UNL CropWatch July 13, 2010: UNL Panhandle REC Celebrates Centennial July 24

UNL CropWatch July 13, 2010: UNL Panhandle REC Celebrates Centennial July 24

July 13, 2010

The UNL Panhandle Research and Extension Center will celebrate its centennial Saturday, July 24 with a daylong event that features field tours, displays, history, fun and food.

The celebration will begin at 7:30 a.m. with a pancake breakfast courtesy of the Scottsbluff-Gering United Chamber of Commerce. Trailer tours and exhibits begin at 8:30 a.m. Tours and exhibits are listed below.

Centennial Schedule

7:30-9:00 a.m. Pancake breakfast courtesy of Scottsbluff-Gering United Chamber of Commerce
8:30-10:50 a.m. Field tours and exhibits
11:00-11:30 a.m. Welcome, introductions and centennial celebration
11:30 a.m.-1:00 p.m. Lunch courtesy of centennial sponsors
12:30-2:50 p.m. Field tours and exhibits
2:00-3:15 p.m. Watermelon feed

An 11 a.m. ceremony will take formal note of the occasion. Dignitaries and UNL administrators scheduled to attend the event include NU Regent Robert Phares of North Platte; UNL Chancellor Harvey Perlman; newly appointed Institute of Agriculture and Natural Resources (IANR) Vice Chancellor and NU Vice President Ronnie Green; and State Sen. John Harms of Scottsbluff.

Messages will be read from Gov. Dave Hienemann, U.S. Sens. Ben Nelson and Mike Johanns, and 3rd Dist Rep. Adrian Smith.

Lunch will follow the ceremony, and the field tours and exhibits will be repeated afterward. A watermelon feed will wrap up the day by about 3 p.m.

All events will be at the Panhandle Research and Extension Center at 4502 Avenue I, Scottsbluff. Visitors will be guided to parking areas when they arrive at the center.

Field Tours

Field Machinery — From Horses to Satellites: Farm machinery used for Panhandle crops has changed dramatically in 100 years, in size, capacity, technology, and reduction in manual labor. Three phases will be demonstrated: horses pulling a planting implement used locally; a tractor and planting implement that would have been used locally in the 1940s; and a modern 250-plus-horsepower, satellite-guided, auto-steer tractor with a large, modern planter.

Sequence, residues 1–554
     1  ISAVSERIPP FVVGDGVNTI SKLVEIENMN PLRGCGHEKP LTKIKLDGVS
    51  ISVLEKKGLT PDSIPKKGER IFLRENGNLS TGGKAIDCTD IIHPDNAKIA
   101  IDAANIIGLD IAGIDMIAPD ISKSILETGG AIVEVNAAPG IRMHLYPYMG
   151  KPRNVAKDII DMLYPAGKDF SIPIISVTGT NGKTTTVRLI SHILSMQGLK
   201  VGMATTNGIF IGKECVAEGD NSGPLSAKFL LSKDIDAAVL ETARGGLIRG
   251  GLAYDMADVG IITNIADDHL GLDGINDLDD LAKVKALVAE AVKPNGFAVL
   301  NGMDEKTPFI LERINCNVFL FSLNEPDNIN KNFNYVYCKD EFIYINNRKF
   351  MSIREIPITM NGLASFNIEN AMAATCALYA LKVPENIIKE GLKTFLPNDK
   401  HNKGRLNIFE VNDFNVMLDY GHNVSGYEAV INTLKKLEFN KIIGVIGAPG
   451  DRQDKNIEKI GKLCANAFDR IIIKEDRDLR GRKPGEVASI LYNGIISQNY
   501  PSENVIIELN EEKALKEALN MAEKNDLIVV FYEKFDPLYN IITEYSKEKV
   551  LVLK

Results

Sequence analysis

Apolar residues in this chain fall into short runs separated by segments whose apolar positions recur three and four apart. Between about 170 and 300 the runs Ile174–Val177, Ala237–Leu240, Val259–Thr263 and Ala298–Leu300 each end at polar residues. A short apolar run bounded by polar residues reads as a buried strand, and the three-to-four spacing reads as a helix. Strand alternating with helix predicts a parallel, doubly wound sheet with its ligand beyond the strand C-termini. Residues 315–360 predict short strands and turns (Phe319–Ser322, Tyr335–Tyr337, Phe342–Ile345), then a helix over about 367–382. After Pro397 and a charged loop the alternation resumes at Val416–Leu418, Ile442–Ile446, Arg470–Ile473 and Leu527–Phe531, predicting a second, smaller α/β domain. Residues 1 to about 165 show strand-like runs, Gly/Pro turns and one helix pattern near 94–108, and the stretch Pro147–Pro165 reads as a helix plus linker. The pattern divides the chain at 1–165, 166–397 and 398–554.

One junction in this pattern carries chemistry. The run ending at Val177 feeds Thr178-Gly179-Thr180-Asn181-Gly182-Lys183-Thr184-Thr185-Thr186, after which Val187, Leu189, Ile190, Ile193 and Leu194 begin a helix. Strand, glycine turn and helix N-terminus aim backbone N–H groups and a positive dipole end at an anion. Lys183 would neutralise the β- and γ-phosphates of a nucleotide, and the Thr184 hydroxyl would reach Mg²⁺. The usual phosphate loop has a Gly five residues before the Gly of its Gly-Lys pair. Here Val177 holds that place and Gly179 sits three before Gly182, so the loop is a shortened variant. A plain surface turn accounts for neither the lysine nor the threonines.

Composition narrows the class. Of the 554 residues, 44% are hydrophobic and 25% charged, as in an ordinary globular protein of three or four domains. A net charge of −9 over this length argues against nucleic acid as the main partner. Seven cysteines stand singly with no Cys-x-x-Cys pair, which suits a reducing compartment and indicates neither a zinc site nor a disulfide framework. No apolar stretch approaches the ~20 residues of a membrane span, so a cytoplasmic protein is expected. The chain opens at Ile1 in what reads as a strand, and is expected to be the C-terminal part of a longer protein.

Also see:

A Brief Historical Perspective of UNL's Panhandle REC


Changes in Sugarbeet Production Over the Last Century: A signature crop in irrigated western Nebraska, sugarbeet cropping began with a multigerm seed planted thick, hand thinned, cultivated, and hand weeded. In the next step in its evolution, singlegerm seed was planted thick, RoNeet preplant, hand thinned, cultivated, and hand weeded. Third, singlegerm seed was planted to stand, Nortron preplant, with a half-rate postemergence herbicide program, and cultivated. Finally, Roundup-Ready Sugarbeets were planted to stand, glyphosate was applied three times, and there was no cultivation.

Changing Water for 100 Years: The evolution of irrigation in the Panhandle began with making cuts from an earthen ditch to flood irrigate and progressed to setting dams and siphon tubes; then to surge irrigation as a method to introduce automation with surface irrigation. Early center pivot systems and the challenges that irrigators had to overcome will be contrasted with modern center pivot systems that can turn on and off individual sprinklers using GPS technology all being able to be controlled from home computers and cell phones. In the newest irrigation technology to come to the valley, subsurface drip irrigation, water is applied under the ground to avoid evaporation and improve efficiency.

Exhibits on the Lawn